Weightlifting belts have been the subject of several hot debates over the years. Their biggest critics claim that belts actually weaken the core and serve as an unnecessary crutch. Their biggest fans make claims of injury prevention and strength gains.

Who is right? Are lifting belts necessary for serious gym-goers? This article aims to clean up the confusion and help you decide if a weightlifting belt is right for you!


Table of Contents

What is a Weightlifting Belt for?

When Should You Wear a Weightlifting Belt?

How to Wear a Weightlifting Belt

How to Use a Weightlifting Belt

Types of Lifting Belts

Do I Need a Lifting Belt?

Main Points


  • Belts help you lift more weight on heavy compound movements due to increased trunk stability
  • Lifting belts don’t weaken the core
  • There’s not much evidence that belts prevent injuries in lifters
  • People with high blood pressure might want to avoid using one
  • You don’t NEED a belt, but if you are serious about building muscle or strength, you might as well take advantage of being able to lift more weight and more reps

    What is a Weightlifting Belt for?

    At first glance, belts might appear as a solid injury prevention tool. They look like they provide lower back support during heavy squats and deadlifts. That seems intuitive enough, right?

    There actually isn’t much evidence to suggest that belts are an effective way to reduce injury risk for gym-goers. That would be near impossible to test in a controlled study, but what we do know, is that belts offer great stability.

    The best-confirmed benefit of wearing a belt is to increase something known as intra-abdominal pressure or IAP. IAP helps stabilize your trunk and counteract some of the shear forces that are placed on your spine when lifting. The more stable your trunk, the more efficiently you’ll produce force, thus, you can lift heavier weights.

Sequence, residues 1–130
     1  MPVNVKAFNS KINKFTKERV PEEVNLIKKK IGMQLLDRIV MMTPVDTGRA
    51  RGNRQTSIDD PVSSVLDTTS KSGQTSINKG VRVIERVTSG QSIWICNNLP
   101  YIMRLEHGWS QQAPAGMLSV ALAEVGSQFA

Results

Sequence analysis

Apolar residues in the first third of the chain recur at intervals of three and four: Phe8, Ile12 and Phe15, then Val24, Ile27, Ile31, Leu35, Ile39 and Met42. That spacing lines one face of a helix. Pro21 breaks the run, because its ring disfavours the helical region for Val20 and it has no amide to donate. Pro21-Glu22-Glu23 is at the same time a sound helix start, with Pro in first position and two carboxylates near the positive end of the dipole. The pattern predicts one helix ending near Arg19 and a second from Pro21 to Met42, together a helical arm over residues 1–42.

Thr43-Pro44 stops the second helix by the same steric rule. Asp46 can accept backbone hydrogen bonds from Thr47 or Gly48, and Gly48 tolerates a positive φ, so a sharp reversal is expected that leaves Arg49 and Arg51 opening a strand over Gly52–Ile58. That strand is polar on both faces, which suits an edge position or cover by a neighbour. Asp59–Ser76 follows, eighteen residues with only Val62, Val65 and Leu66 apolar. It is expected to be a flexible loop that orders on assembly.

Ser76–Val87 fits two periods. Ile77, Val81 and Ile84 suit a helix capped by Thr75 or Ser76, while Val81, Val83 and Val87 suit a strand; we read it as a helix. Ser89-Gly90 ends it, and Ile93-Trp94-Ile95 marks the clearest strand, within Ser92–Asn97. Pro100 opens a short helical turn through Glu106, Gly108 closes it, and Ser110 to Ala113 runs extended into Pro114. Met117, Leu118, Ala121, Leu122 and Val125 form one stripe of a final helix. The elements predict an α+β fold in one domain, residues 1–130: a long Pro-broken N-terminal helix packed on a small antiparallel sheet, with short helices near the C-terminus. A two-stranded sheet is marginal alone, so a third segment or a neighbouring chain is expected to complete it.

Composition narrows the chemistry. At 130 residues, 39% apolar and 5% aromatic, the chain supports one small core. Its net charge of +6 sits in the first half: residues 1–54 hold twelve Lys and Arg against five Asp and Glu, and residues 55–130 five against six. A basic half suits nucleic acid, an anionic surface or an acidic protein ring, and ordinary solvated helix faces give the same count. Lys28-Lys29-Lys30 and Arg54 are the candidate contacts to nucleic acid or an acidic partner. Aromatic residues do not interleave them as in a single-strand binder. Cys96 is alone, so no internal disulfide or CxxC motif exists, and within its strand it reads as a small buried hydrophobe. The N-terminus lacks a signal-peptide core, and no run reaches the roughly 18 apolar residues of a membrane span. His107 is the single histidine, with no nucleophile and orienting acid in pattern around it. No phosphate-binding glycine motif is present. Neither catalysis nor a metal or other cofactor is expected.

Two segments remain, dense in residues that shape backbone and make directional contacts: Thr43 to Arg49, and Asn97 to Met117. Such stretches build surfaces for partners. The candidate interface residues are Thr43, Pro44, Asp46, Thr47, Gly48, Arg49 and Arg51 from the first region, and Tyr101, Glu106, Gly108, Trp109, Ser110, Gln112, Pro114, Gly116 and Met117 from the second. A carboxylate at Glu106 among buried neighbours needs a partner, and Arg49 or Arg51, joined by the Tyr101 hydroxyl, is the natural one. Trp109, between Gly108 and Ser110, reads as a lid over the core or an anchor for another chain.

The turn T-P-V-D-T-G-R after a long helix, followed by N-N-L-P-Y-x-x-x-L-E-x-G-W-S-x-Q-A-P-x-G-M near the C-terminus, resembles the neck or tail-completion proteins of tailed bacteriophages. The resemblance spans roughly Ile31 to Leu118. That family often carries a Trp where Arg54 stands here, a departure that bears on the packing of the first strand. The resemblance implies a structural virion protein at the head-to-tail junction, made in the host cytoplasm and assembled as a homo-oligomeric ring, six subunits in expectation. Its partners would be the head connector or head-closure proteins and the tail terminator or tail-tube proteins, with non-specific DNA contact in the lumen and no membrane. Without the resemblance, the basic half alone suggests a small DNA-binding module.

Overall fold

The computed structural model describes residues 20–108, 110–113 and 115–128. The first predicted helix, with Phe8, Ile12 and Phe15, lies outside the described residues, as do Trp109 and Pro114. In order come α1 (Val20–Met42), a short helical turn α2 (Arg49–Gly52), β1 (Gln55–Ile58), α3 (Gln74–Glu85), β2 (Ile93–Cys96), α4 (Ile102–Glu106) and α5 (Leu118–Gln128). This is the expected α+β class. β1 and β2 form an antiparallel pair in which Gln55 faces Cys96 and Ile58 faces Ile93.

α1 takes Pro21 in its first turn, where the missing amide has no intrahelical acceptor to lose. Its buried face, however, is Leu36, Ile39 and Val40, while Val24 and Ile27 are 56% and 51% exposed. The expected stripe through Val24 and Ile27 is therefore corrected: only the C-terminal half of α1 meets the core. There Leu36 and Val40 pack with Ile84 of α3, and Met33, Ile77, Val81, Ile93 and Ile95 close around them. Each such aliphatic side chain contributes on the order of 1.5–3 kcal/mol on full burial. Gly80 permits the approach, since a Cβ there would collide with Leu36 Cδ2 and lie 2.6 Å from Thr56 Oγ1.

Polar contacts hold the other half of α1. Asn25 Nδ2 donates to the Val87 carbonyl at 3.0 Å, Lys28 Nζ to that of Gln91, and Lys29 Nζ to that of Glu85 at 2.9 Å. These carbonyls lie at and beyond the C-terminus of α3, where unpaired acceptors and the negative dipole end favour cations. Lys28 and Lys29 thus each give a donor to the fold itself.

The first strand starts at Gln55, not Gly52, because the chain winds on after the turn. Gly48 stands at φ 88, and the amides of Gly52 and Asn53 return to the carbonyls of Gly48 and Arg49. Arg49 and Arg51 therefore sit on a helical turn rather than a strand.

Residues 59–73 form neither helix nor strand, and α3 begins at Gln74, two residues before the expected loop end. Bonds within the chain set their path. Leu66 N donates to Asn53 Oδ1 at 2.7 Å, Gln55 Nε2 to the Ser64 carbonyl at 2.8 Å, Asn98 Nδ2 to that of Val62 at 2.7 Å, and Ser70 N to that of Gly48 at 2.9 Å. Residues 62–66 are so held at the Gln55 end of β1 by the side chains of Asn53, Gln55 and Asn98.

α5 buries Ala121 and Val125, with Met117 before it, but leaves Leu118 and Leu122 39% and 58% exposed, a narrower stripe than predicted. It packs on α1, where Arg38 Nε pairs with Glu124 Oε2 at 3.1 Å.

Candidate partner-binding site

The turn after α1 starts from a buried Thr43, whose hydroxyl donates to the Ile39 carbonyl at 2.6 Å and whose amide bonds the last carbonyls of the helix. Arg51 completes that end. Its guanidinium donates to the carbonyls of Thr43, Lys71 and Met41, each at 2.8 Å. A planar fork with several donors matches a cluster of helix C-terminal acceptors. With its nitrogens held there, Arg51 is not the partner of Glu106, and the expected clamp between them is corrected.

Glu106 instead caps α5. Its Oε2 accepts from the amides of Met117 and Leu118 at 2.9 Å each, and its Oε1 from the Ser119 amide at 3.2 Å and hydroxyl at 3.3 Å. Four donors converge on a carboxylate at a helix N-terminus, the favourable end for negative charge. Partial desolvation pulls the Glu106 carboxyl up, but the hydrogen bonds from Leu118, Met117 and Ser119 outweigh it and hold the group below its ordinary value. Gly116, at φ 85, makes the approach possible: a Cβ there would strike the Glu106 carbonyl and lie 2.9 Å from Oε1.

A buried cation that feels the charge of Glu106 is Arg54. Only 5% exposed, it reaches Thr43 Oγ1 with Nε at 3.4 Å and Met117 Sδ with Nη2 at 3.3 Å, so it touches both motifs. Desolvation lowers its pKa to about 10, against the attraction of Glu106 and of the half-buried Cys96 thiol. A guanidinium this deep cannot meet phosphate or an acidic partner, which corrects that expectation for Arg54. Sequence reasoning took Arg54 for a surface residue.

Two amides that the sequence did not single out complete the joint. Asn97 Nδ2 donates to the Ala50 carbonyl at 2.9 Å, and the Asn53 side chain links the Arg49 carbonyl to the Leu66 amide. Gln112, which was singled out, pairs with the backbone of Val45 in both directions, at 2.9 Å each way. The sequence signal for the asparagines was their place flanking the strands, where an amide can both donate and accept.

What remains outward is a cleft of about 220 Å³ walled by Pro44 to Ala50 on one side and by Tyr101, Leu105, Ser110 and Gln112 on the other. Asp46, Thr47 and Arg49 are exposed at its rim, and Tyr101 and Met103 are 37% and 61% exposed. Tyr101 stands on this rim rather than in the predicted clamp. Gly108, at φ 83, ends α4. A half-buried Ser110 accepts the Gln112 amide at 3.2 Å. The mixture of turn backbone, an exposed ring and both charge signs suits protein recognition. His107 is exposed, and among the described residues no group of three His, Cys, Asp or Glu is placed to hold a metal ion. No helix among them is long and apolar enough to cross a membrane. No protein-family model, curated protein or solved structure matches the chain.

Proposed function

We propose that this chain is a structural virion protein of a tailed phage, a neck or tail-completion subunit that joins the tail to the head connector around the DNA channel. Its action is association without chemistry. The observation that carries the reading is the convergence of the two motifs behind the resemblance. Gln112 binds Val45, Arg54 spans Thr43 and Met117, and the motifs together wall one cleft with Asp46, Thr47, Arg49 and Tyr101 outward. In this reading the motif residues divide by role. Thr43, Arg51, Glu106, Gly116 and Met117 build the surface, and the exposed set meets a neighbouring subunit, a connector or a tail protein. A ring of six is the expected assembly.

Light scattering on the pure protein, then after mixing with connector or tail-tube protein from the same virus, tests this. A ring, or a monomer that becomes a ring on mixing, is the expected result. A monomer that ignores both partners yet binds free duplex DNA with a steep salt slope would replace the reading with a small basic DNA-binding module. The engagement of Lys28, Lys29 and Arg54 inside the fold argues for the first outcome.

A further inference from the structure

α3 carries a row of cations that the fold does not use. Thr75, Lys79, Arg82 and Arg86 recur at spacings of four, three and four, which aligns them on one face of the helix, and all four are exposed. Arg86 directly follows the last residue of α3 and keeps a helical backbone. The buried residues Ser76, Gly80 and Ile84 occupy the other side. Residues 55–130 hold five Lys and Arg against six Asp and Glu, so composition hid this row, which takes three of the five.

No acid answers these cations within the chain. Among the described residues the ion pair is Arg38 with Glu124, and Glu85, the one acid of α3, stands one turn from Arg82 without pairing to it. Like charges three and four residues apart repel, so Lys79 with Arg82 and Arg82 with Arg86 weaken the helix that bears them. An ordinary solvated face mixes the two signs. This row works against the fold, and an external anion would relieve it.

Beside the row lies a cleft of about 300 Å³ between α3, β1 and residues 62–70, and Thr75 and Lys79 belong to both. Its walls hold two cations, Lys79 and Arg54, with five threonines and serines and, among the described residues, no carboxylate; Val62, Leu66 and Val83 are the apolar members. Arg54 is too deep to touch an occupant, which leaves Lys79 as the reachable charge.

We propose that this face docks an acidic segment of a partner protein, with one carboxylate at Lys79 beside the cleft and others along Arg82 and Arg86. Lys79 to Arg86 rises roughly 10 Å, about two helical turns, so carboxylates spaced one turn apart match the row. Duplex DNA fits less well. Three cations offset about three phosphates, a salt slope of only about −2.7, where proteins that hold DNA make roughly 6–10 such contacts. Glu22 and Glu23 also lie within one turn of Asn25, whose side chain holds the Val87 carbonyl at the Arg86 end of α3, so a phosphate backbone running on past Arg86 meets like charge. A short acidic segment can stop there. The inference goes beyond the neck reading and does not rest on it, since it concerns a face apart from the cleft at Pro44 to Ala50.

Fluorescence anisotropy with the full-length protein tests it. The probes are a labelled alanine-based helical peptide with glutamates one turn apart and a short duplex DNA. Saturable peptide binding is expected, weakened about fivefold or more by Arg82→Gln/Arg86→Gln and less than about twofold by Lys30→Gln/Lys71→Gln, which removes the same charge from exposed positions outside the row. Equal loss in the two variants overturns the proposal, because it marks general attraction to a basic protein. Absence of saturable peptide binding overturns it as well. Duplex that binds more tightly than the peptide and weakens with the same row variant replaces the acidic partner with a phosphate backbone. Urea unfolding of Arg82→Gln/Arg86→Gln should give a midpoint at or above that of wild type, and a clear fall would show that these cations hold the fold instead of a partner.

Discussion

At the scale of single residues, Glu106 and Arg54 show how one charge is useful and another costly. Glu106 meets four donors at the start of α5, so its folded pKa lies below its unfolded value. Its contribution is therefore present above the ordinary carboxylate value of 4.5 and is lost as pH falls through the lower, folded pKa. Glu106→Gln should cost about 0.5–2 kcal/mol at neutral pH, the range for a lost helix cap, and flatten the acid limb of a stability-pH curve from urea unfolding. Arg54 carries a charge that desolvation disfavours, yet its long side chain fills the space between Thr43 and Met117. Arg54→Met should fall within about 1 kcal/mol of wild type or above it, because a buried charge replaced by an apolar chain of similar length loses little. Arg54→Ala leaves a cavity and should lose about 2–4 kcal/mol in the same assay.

Although anecdotal, you can expect to lift around 10% more with a belt than without, if you know how to use it. There have also been studies that show lifters wearing belts can complete more reps with the same load and have quicker bar speeds. This all makes sense. If a belt allows you to be more stable, you’re going to see an increase in performance.

    Here’s a quick general summary of the pros and cons of lifting belts:


    • Can increase IAP for heavy compound lifts
    • Be able to lift with more intensity and volume
    • Increase bar speed
    • Tactile cue for core bracing (press against the belt)


    • If a lifter doesn’t know how to brace properly without a belt, it can be more of a crutch than a tool
    • Wearing a belt spikes blood pressure which can be dangerous for some
    • Might provide a false sense of strength capabilities
    • There isn’t much practical belt bracing carry over from squats/deadlifts to sports or real-world movements (not a knock on belts per se, bracing is movement specific)

    When Should You Wear a Weightlifting Belt?

    It makes the most sense to use a lifting belt during heavy compound movements where your core is heavily involved for stabilization. Squats, deadlifts, and overhead presses would be our three favorite use cases. You can apply that preference to any lift with similar movement patterns.

    We don’t see much merit in wearing one for upper body accessories when using machines, cables, etc. That falls into the “using it as a crutch” category. It won’t hurt you, but there probably isn’t a whole lot of benefit.

    How long should you be training for before using one? It doesn’t make sense to come up with a rule. We suggest you learn proper bracing techniques beltless regardless and slowly add in a belt for your heaviest sets if you so choose. As you get more comfortable wearing it, use it whenever you want.

    How to Wear a Weightlifting Belt